Well, much as my review of the second season of K-On! centred on getting tired of the girls, the slightly vain draw of seeing them in my hometown as tourists was irresistible. And yes, K-On! in
proved very entertaining, even with how obviously many of the backgrounds were
essentially the research team's photographs drawn over. I even had a bit of a
bizarre moment as my old workplace - above Harper's Café which the team
obviously thought picturesque enough to snap on their trip to Borough Market -
was pictured. I could see the very window where I used to sit! And it's not
exactly a place one expects to see rendered. Then there was the scene in Baker
Street, the visit to Denmark Street, where I'll be heading after work
today, down the road from where I lived a few years ago, and all
those familiar scenes from Camden Market, Kensington, The King's Road, Waterloo
and Hyde Park...it's always going to be a pleasure to see your city from the
point of view of outsiders, especially cute ones, and this was no exception.
The Shard being half-built dates the film to a very specific time, but I
suppose fashion, car styles and numerous other things more or less do that
the girls are roped into an impromptu gig in Camden
as well as an open-air performance in Waterloo,
try rather adorably to speak English, and muck about in their hotels - the four
graduating girls trying to secretly write a song for Azusa,
which makes her suspicious. There's even one adorable yet fanservicey scene
where she thinks Yui is making an inappropriate lesbian advance on her, which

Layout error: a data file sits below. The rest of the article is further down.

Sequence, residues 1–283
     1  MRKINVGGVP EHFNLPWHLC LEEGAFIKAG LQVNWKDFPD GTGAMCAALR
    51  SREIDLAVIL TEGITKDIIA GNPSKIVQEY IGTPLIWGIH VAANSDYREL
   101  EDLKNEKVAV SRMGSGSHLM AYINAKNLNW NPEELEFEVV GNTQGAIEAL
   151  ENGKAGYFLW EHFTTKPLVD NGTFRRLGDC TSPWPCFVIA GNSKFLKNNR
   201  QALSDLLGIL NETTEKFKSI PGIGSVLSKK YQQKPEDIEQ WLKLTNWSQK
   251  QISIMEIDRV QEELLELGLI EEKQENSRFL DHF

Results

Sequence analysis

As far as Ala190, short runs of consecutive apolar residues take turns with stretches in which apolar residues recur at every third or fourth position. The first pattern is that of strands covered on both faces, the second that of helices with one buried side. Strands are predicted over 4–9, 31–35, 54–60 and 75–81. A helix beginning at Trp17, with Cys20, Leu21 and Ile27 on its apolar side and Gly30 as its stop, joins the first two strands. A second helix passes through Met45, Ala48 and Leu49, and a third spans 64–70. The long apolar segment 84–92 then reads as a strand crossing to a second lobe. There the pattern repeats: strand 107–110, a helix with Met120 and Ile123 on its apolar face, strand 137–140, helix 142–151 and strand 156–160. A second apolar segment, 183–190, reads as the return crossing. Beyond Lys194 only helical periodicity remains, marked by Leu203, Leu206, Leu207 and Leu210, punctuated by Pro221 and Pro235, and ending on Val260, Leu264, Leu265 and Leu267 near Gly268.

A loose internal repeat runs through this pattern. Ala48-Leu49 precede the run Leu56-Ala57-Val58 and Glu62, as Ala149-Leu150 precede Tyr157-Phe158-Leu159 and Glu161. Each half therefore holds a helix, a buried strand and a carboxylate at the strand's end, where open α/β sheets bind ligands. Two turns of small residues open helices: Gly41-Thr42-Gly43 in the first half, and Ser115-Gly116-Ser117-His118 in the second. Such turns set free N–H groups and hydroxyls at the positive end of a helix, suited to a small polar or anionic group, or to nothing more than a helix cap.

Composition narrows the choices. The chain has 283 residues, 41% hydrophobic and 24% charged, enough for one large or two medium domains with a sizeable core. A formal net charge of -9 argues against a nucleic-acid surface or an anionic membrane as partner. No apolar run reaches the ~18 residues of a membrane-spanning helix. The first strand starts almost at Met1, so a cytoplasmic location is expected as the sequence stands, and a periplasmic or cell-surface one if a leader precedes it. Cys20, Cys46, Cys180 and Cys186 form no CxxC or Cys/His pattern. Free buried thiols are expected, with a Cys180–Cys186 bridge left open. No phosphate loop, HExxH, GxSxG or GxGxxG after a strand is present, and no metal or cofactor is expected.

is really very sweet. The trip is bookended by a silly opening gag that
includes the unlikely scenario of the girls miming along to a tape recording
actually convincing Azusa that they're genuinely playing (a gag on dramatic changes
of direction) and then at the end, the girls have a farewell gig in their
classroom before school, which while not all that interesting was sweet and at
least musical - indeed, it felt like the girls actually did a lot more related
to music in this film than in the entire second season.
As a send-off, I enjoyed this. If I got tired of the girls in the series, having them in this novel new place, and knowing this was a real send-off - something the existence of this film denied the second season - made it more enjoyable than anything much since the beginning of the show. It wasn't just cute girls doing cute things, it was cute girls visiting a new country, playing gigs and writing songs. It was cute musicians doing cute things, and that's something the season rather lost.
K-On's massive success is, I would say, somewhat unwarranted. But on a small scale, it's very cute and I don't regret the time I gave these girls. But waifus? None. Obsession? Not for me. More? I won't object, once I've had time for absence to make the heart grow fonder, but if that's all the K-On I ever get, I'm quite satisfied.